The landmark Bob Baker Marionette Theater announced today that it will leave its longtime home on Glendale Boulevard and First Street by the end of November.
The building that has housed the theater for more than five decades is slated to be demolished at an unknown date to make way for a mixed-use development. The theater was offered a space in the new project but decided to strike out on its own.
The beloved theater and its puppets will hold a day-long celebration on November 23—the institution’s final day in its present location and 55 years to the day from when the theater opened in 1963.
Around that time, the organization plans to announce the location of its new permanent LA home.
Regardless of where the theater goes in the city, “we will continue to offer the Westlake community creative resources and access to the ongoing events,” theater operators said in a statement. Puppeteers take part in outreach initiatives in local schools and throughout the neighborhood around the theater.
If everything goes according to schedule, the marionette theater’s new location will be up and running by the end of 2019, says spokesperson Winona Bechtle.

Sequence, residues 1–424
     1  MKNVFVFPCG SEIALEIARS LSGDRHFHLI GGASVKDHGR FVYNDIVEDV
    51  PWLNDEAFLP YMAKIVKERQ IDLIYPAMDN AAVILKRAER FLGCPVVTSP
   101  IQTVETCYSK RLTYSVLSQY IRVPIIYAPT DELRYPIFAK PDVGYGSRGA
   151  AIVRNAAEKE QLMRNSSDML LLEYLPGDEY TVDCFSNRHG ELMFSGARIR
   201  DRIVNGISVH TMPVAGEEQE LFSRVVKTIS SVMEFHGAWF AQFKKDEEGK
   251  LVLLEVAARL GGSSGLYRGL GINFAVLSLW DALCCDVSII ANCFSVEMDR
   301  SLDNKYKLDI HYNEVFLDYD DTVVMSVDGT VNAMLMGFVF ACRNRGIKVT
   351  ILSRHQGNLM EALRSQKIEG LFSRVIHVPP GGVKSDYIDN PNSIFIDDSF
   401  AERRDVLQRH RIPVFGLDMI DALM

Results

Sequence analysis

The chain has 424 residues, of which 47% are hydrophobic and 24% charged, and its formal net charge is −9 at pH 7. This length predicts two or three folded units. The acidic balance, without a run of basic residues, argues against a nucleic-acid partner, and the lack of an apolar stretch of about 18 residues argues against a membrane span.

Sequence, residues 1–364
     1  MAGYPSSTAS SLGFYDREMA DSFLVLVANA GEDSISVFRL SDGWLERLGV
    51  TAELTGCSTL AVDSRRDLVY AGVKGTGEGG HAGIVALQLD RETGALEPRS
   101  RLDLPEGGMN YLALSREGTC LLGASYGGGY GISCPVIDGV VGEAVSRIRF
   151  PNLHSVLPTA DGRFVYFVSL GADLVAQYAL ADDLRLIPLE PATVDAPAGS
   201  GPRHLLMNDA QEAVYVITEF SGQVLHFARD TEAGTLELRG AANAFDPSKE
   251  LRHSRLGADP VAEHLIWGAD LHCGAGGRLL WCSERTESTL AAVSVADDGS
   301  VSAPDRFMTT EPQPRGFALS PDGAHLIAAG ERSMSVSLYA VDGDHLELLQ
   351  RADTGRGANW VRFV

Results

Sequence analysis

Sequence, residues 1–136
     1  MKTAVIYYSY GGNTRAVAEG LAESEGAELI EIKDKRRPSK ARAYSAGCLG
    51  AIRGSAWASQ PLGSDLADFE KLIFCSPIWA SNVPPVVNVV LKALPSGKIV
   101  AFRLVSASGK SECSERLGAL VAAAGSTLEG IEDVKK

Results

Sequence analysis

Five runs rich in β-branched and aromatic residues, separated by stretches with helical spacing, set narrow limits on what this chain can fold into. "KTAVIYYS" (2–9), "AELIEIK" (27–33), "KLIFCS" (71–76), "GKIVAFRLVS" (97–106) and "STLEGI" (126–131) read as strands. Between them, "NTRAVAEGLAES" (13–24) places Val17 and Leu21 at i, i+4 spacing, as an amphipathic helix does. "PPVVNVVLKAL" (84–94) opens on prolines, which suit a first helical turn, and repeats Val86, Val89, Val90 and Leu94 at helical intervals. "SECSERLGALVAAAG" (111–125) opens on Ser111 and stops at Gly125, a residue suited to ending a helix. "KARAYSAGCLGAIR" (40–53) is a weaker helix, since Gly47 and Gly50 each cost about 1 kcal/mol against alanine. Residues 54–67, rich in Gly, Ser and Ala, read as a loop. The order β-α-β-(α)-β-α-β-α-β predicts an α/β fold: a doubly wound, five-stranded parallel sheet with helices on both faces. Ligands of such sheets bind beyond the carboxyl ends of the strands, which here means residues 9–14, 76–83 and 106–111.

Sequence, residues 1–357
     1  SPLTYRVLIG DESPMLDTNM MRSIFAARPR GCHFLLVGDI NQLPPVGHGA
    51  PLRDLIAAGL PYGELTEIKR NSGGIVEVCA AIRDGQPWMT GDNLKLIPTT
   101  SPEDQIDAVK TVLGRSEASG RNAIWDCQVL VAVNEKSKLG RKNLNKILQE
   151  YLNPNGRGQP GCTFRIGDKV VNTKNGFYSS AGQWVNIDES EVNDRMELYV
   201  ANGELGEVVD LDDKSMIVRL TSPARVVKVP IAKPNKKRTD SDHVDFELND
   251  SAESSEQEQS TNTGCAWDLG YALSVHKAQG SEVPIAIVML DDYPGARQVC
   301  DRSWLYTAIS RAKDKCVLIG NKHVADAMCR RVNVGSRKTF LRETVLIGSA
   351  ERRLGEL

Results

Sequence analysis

With its bright red curtains and prolific tinsel, the original marionette theater will be a hard act to follow, but the future home of the Bob Baker Marionette Theater will be based on “original and unrealized concepts by Bob Baker himself,” as seen in drawings by Morton Haack—the costume designer for the original Planet of the Apes—sketched nearly 60 years ago.
The new theater will also incorporate “all the beloved features of the current theater, from the drywall to the chandeliers.”
Between November 23 and the opening of the theater’s new home, the marionettes will hit the road for a series of traveling engagements and pop-up appearances from the Pasadena Playhouse to the Santa Monica Pier.
The organization will also launch the Bob Baker Marionette Mobile, “a traveling ice cream truck and puppet caravan.”
Bob Baker and Alton Wood opened the marionette theater in 1963. Both were puppeteers.
Baker worked on numerous films, including Close Encounters of the Third Kind, Disney’s Bedknobs and Broomsticks, and episodes of Star Trek, according city documents related to the theater’s landmarking.
Correction: An earlier version of this story stated that the new theater would open by the end of this year. It will open by the end of next year.